Cultural Changes That Have Revolutionised Fashion In Africa | Newspot

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    By Rukweve Ochuko

    09 January 2022   |  
    10:20 am

    African culture encompasses social values, political values, aesthetic values, morals, and religion. As life progresses, changes take their course on culture, and these changes are reflected in society’s customs, lifestyle, and fashion. Today, African fashion has transitioned into a new dimension of style that has given rise to dynamic representation through the influence of the…

    Ghana Must Go fashion. Photo: Obinna Obioma

    African culture encompasses social values, political values, aesthetic values, morals, and religion.
    As life progresses, changes take their course on culture, and these changes are reflected in society’s customs, lifestyle, and fashion.

    Today, African fashion has transitioned into a new dimension of style that has given rise to dynamic representation through the influence of the changes in her culture.

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    Some of these significant changes are;

    Change in the definition of gender identity

    From the design of wrappers and other traditional wears to the dressing pattern, African fashion has always reflected the distinction between a man’s clothing and a woman’s clothing until now. The mindset of today’s generational designers in Africa is set in an intermingling of gender identities and the need to create a contemporary style that merges those identities.

    The African cultural standards of the years before put gender fashion in a clear, differentiating state. Men and women’s fashion had no meeting point. African men’s clothing, including accessories, came in their specific style, and all men dressed in this style to identify in African society as African men. The same applied to African women.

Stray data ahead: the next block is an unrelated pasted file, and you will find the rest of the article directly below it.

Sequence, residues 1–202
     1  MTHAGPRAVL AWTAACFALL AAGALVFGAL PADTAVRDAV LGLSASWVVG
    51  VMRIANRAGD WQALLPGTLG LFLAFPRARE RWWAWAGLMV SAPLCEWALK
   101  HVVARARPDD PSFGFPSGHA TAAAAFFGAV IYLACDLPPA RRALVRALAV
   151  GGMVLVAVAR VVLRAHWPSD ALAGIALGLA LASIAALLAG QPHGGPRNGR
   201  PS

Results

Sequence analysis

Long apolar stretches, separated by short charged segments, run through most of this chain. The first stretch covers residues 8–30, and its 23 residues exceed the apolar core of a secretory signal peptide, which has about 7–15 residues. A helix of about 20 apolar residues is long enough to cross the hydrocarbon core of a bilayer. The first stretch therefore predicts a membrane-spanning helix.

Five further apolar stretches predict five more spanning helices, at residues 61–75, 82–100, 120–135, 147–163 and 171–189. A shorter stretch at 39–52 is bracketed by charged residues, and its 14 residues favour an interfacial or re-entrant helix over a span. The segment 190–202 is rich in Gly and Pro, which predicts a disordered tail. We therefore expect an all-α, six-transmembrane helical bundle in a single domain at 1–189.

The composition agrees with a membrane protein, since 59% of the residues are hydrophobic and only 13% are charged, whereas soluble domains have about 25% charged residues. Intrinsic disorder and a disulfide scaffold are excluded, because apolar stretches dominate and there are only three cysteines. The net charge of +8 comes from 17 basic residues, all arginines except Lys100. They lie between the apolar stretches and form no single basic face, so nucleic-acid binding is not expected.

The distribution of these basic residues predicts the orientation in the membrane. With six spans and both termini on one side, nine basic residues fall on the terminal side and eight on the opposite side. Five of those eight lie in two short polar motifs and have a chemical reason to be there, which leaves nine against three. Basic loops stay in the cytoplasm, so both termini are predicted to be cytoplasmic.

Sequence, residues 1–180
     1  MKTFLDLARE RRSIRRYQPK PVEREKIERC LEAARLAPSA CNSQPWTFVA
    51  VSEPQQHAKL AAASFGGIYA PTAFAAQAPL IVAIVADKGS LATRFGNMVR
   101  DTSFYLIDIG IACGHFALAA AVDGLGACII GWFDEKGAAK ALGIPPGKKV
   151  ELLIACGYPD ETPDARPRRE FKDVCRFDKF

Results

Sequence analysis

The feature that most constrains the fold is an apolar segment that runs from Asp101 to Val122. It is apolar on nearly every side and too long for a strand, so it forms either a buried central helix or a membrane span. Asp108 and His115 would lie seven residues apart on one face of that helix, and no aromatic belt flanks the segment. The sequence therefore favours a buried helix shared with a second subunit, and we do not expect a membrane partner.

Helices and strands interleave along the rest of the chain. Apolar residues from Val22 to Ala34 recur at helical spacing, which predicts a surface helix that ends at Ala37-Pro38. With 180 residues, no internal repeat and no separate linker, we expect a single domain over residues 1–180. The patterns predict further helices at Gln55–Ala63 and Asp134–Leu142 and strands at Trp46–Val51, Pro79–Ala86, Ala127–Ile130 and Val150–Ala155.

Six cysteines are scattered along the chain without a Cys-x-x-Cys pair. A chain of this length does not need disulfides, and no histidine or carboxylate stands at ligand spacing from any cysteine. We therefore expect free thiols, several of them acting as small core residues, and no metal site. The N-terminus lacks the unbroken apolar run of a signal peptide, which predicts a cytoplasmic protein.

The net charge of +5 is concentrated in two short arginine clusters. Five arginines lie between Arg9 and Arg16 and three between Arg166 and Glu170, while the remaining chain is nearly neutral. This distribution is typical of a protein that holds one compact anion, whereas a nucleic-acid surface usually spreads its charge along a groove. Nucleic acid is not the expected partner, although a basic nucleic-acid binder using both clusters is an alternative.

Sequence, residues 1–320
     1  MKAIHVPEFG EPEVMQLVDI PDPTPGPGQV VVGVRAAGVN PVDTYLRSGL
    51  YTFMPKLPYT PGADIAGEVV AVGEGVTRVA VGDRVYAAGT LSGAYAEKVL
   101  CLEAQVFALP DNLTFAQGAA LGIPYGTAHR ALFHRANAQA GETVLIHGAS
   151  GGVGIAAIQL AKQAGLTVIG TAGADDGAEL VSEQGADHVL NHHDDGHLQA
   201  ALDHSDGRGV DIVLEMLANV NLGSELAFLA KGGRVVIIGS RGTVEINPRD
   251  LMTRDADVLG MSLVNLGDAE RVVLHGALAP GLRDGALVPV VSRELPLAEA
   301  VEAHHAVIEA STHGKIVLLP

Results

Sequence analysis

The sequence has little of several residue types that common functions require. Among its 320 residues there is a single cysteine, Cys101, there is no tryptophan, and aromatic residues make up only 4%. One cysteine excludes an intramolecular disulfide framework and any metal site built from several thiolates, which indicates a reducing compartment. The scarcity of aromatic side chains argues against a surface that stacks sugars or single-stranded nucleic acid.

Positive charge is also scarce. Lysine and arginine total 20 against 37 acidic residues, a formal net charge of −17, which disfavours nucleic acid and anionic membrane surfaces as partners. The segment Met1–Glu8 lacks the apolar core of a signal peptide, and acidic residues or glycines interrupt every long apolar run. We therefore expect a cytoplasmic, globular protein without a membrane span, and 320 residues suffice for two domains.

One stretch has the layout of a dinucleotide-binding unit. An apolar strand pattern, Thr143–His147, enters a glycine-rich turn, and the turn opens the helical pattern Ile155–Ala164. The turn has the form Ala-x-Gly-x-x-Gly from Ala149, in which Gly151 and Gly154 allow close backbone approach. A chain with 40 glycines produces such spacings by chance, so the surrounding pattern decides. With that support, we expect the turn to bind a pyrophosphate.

African past culture considered men’s clothing a taboo on a woman and vice versa. Wearing clothing other than what is considered gender worthy to your gender meant subjecting yourself to strong discriminative judgements from society.

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    Moreover, the clothing and accessories to accommodate an unusual style were non-existent. So, there was no room for self-expression or self-identity. Africa’s Gender identification through fashion meant either a man or a woman, and every style creation resonated in line with that pact.

    Presently, this is not the case in today’s fashion in Africa. The characteristic of being open-minded to fashion and exploring fashion’s endless possibilities has built a trendsetting line of African designers. Today’s designers have metamorphosed into creating a style of fashion with blends of identities. Groomed and refined, yet inclusive of the African elegance. Most importantly, this reasoning has inaugurated the age of African gender-fluid fashion.

    Now, women can rock masculine fashion and men can strut in feminine fashion or a style not gender-based.
    Reputable African fashion designers such as Nigerian ‘Orange Couture’ designer Adebayo Oke Lawal, ‘Maxivive’ designer Papa Oyeyemi, and South African young top designer Lukhanyo Mdingi, are breaking down gender constructs by tailoring masculine silhouettes for women and dressing men in silk, shiny, sheer, and long flowing fabrics. Individually, their brands are bodaciously gliding through the world’s high fashion space, and collectively African fashion is gaining momentum globally.

    Change in the fusion of cultural diversity

    African fashion is rapidly becoming a merging tool for diverse cultural styles. African brands are making use of style to create a blend of meaningful sub-cultures.

    In the previous years, the existent diverse African cultures respectively showcased style in their traditional definition of fashion. African fashion had borders, fashion lines that initiated no room for integrating diverse styles into one.
    Although respective cultural fashion identities still hold water in many African communities to date, African fashion has now developed a department of fashion with the make-up of different cultural fashion styles including western style, still reflecting the African heritage and identity.

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